How to pack for the apocalypse (coronavirus diary, part 2)

I get stressed out packing for a weekend vacation. How do I chose what to pack when I know it may be months before I'm able to return home?

By Mike Best March 21, 2020

T he Uber was scheduled to arrive at 4.30 in the morning. My son and I had just a few hours to fill three suitcases with everything though we would need for our trip to Malta. But this wasn’t a usual trip. We had no idea when we would be back, or even what kind of state of London was going to be in when we returned. I was telling Sasha we would hopefully be back by the end of spring break. But some part of me felt like we were abandoning a life we had spent years building.

Margot and I had only made the decision that morning. We would buy a couple of tickets on one of the last flights out of Gatwick, in a last-minute dash to Malta before the airports completely shut down and the island nation isolated itself from the rest of the outside world. We have never been to Malta, and Margot had only started her job there two weeks ago. But we had decided it was better to see this thing out as a family. By noon it was decided: tickets bought, arrangements made for a couple of friends to move in, and the situation discussed with our son, and also with the cat.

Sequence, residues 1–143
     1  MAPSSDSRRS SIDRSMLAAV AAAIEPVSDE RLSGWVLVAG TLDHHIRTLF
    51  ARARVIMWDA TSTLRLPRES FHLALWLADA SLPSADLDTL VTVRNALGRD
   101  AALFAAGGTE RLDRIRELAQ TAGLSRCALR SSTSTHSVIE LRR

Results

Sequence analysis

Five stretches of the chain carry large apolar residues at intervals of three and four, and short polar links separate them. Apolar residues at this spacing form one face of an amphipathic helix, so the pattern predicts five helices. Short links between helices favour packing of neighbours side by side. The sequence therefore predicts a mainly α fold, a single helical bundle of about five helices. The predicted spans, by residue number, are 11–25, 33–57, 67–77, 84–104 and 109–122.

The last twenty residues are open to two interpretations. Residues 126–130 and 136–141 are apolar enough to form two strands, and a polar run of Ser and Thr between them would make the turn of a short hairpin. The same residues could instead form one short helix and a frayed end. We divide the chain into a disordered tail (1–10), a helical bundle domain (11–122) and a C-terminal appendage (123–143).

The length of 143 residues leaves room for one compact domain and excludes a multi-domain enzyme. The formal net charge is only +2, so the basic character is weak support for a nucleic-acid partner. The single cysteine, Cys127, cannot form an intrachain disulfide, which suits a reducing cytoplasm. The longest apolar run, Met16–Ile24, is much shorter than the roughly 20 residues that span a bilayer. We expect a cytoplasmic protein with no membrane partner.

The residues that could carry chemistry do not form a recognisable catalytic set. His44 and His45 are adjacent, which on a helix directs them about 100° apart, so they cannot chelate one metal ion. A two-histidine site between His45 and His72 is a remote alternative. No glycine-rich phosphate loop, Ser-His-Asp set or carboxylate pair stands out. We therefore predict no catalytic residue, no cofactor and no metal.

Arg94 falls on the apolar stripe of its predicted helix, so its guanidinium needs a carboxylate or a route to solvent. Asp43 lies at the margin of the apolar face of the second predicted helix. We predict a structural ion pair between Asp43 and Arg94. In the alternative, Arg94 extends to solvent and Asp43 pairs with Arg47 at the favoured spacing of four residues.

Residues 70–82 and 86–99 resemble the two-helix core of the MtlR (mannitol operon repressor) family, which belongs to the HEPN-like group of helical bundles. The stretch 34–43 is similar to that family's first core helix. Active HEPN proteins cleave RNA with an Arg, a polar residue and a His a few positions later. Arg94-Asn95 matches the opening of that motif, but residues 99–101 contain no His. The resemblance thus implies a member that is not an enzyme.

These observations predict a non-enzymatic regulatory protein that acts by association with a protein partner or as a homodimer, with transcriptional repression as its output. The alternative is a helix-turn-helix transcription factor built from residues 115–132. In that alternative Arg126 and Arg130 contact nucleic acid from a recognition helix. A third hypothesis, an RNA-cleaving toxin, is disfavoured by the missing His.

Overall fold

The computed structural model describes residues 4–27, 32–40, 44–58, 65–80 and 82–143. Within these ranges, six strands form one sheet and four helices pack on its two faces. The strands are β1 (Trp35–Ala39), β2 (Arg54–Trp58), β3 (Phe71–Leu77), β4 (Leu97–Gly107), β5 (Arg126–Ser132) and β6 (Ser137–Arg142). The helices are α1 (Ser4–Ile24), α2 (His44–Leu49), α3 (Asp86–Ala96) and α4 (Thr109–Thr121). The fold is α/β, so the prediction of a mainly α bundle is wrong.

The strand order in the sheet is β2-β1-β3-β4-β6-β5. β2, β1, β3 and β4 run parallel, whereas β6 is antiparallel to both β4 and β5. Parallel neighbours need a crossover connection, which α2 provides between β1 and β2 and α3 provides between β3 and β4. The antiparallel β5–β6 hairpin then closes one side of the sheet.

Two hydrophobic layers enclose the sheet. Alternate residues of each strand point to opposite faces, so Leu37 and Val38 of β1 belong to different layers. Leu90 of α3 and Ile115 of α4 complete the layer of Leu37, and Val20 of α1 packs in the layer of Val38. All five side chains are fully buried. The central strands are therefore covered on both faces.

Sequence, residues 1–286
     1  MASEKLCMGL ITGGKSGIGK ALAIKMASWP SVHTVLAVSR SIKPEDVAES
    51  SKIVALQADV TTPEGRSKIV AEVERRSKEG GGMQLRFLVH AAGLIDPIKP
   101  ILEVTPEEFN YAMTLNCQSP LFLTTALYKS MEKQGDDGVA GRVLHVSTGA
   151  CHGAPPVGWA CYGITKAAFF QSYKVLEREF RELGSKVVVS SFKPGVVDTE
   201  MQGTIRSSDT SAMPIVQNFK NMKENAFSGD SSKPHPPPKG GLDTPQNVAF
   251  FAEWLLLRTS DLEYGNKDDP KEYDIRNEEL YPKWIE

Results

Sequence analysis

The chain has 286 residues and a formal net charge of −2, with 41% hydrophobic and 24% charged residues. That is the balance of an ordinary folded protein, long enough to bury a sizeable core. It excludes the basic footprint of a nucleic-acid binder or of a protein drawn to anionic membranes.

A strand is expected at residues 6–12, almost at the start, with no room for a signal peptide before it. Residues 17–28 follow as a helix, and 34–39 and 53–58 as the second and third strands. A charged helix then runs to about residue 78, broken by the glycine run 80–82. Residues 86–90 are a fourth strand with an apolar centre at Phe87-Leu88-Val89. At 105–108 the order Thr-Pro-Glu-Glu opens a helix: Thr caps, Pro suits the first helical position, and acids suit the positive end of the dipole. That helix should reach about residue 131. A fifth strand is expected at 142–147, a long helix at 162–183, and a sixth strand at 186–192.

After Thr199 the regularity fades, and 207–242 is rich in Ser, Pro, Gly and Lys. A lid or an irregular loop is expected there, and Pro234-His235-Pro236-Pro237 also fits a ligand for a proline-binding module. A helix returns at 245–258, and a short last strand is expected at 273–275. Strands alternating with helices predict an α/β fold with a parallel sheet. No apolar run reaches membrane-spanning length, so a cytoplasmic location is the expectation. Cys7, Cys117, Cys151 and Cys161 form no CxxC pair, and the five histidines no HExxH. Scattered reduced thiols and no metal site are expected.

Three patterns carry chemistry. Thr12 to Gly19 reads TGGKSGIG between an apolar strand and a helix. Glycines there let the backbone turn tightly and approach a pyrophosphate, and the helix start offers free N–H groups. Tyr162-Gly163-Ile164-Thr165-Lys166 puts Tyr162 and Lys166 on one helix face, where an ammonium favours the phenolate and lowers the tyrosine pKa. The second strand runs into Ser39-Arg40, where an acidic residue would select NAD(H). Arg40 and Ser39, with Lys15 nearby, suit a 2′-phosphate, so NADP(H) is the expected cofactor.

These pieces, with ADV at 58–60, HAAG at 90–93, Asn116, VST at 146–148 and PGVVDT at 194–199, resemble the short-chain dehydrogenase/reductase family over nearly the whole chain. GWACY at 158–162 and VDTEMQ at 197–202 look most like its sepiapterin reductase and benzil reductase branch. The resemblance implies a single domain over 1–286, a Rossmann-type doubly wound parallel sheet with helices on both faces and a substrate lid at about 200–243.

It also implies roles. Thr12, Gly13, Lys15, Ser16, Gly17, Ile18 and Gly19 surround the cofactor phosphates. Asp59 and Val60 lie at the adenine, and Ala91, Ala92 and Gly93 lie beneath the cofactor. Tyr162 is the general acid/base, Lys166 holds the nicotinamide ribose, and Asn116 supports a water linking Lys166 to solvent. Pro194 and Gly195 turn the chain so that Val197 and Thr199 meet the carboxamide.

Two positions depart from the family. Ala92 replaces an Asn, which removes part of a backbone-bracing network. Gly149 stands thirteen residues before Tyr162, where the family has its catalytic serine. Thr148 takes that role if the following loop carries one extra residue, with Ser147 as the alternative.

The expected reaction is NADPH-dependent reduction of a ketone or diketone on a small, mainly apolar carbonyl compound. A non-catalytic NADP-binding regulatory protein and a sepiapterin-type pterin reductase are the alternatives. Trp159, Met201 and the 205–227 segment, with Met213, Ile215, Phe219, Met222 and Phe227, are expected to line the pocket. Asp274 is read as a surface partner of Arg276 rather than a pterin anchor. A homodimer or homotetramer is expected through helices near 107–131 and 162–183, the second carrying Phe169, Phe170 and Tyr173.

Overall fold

When Margot went over just a couple weeks ago, it all seemed pretty straightforward. She would return to London on the weekends, and we would join her for the school holidays and summer break. We’d spend some time exploring the ancient Mediterranean island and its surrounding regions… a new adventure. There would be scuba-diving and photographing ancient monuments. Funny how quickly everything has changed for us - for everyone.

Now it was time to pack. But what do you pack for the end of the world?

I promptly, and quite irrationally, began tidying - even though I knew our cleaner would be by in the morning and the clock was ticking to try to figure out what we needed to bring. I stacked up the dishwasher, washed down the counters. A clean work surface to think.

I guess there is a logic to it. ‘It’s like camping’ I thought, and started going through each room one-by-one, tidying up as I went along and grabbing what I thought I might need.

The kitchen.